In the post-production process of film editing and video editing, a dissolve (sometimes called a lap dissolve) is a gradual transition from one image to another. The terms fade-out (also called fade to black) and fade-in are used to describe a transition to and from a blank image. This is in contrast to a cut where there is no such transition. A dissolve overlaps two shots for the duration of the effect, usually at the end of one scene and the beginning of the next, but may be used in montage sequences also. Generally, but not always, the use of a dissolve is held to indicate that a period of time has passed between the two scenes. Also, it may indicate a change of location or the start of a flashback.
Creation of effect
In film, this effect is usually created with an optical printer by controlled double exposure from frame to frame. In linear video editing or a live television production, the same effect is created by interpolating voltages of the video signal. In non-linear video editing, a dissolve is done using software, by interpolating gradually between the RGB values of each pixel of the image. The audio track optionally cross-fades between the soundtracks.
Cuts and dissolves are used differently. A camera cut changes the perspective from which a scene is portrayed. It is as if the viewer suddenly and instantly moved to a different place, and could see the scene from another angle.
Fades and dissolves typically have a duration of 1 to 2 seconds (24–48 frames), though this may vary according to the preference of the director and editor. Short dissolves (6–12 frames) may be used to soften obvious hard cuts which may startle the viewer, or jump cuts.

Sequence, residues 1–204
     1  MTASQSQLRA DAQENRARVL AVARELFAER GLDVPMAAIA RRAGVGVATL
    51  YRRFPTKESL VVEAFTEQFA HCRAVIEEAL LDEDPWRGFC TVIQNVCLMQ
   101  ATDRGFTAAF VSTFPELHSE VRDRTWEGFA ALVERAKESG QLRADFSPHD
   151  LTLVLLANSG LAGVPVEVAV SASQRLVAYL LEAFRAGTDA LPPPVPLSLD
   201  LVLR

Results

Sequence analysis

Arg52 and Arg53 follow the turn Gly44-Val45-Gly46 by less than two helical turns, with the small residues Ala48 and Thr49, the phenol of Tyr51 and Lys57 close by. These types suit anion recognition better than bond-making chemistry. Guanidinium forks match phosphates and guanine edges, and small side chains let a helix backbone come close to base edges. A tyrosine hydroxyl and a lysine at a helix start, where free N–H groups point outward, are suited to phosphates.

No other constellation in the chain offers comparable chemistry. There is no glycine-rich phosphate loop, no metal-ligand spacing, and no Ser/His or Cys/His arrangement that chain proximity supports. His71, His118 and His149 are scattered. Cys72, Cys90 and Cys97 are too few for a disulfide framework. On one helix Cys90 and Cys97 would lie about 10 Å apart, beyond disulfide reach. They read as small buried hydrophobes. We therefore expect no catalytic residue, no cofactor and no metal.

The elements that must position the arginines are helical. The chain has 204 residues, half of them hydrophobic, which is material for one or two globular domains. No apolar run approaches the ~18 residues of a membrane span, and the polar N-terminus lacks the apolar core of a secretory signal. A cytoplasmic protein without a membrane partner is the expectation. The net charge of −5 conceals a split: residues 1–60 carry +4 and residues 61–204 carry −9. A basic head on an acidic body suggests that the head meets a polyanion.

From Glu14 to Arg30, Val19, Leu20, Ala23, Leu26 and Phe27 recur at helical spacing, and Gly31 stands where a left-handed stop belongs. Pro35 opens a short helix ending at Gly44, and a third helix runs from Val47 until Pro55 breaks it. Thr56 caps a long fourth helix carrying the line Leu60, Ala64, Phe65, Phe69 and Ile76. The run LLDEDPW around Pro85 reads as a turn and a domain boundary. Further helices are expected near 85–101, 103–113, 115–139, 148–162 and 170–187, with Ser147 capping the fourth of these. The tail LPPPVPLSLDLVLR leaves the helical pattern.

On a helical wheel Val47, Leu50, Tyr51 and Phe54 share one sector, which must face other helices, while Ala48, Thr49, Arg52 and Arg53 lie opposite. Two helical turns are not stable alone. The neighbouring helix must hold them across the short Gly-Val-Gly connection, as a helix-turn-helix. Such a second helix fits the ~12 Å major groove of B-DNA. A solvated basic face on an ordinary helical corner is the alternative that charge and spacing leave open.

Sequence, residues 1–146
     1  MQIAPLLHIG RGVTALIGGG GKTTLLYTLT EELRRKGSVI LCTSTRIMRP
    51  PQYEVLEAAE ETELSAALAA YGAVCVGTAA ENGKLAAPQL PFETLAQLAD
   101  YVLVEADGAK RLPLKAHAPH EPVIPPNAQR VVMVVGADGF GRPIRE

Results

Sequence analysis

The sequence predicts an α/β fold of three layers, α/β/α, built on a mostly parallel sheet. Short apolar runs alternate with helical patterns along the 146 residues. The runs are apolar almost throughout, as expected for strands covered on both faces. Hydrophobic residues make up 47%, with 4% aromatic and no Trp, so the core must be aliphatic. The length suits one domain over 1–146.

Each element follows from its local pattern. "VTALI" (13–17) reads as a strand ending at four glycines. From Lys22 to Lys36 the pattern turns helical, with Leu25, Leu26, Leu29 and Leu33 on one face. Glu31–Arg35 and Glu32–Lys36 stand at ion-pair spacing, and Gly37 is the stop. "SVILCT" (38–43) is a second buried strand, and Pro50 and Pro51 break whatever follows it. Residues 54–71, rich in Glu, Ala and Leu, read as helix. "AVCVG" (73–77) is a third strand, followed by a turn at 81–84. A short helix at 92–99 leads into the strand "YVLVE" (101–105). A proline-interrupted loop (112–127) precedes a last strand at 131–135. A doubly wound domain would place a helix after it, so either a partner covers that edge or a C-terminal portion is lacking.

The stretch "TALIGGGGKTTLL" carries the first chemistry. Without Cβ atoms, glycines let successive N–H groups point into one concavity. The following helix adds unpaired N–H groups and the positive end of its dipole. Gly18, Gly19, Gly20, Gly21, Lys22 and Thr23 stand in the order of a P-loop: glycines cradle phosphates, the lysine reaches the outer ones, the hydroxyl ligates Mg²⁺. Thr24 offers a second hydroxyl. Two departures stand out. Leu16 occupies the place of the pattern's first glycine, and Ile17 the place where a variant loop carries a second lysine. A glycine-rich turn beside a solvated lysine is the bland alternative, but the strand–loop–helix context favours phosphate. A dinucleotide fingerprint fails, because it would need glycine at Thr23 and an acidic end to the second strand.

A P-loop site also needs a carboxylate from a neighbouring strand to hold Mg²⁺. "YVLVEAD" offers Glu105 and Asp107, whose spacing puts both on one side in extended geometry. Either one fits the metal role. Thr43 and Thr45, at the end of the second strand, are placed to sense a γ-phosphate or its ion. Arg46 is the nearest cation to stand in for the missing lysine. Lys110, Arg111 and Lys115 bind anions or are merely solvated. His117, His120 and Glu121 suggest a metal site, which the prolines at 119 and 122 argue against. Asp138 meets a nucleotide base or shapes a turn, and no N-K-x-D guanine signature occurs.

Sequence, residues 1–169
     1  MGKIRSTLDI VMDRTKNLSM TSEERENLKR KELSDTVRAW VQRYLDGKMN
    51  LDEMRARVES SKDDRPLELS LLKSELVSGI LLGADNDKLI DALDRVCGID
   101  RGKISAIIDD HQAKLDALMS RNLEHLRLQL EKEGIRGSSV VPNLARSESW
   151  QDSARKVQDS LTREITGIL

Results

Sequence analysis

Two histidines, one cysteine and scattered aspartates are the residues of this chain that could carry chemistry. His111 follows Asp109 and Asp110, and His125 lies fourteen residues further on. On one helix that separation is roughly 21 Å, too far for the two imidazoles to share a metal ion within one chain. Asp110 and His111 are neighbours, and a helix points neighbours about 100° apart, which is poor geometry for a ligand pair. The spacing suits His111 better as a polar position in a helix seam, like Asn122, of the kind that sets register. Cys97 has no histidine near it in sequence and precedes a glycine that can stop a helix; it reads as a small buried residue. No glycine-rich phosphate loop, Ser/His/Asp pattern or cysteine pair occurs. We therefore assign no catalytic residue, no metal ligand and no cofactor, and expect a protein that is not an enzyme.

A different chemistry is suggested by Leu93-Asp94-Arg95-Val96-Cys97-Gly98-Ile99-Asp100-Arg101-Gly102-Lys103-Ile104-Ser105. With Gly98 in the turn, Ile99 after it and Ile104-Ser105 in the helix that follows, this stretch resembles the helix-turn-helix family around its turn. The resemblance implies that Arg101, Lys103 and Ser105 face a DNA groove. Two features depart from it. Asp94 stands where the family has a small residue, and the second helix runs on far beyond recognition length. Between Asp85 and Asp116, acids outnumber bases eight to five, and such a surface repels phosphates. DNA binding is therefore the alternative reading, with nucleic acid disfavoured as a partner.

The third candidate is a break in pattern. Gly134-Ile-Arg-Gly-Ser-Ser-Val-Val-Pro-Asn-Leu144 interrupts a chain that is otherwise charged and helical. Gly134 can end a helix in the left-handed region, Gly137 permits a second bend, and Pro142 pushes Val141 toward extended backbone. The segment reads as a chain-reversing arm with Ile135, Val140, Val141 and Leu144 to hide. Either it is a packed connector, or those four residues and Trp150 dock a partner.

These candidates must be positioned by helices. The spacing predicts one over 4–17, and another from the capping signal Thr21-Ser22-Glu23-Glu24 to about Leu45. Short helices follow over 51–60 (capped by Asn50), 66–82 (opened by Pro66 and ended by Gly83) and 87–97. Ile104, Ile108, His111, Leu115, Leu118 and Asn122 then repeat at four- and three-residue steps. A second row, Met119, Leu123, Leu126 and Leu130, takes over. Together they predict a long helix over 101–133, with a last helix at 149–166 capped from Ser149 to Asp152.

In narrative terms, the length of the dissolve is dictated by the mood or pacing the director or editor wishes to create. For instance, in the opening sequence of Citizen Kane, the dissolves between the master shots are slow because of the pervading sense of morbidity Welles and his collaborators wished to create. In the "News on the March" (montage) sequence shortly afterwards, however, the dissolves are much shorter as the intention is to create a sense of vitality in the life of the still mysterious lead character and speed in the (supposedly) newsreel sequence.
Dissolves are most common in classic cinema (see continuity editing), but are now less often used. The device began to fall into disuse as film makers fell under the influence of the French New Wave directors and their innovative use of the jump cut and as the absence of a linear narrative became more common. It is also sometimes held that the effect was best utilised in monochrome cinematography, where gradations of gray are mixed rather than possibly incompatible color tones. The impact of television news reporting may also have resulted in the device losing any pretense of having a contemporary feel.
Dissolves are usually kept to a minimum in most films. This is due mainly to stylistic taste. It is very rare to see a shot which both begins and ends with a dissolve. A very rare (and effective) example of this is seen in A Place in the Sun, directed by George Stevens, shortly after the climactic sequence when Montgomery Clift's protagonist has drowned Shelley Winters’ character and is now fleeing.
- Fielding, Raymond (1985). The Technique of Special Effects Cinematography. Focal Press. p. 152. ISBN 0-240-51234-0.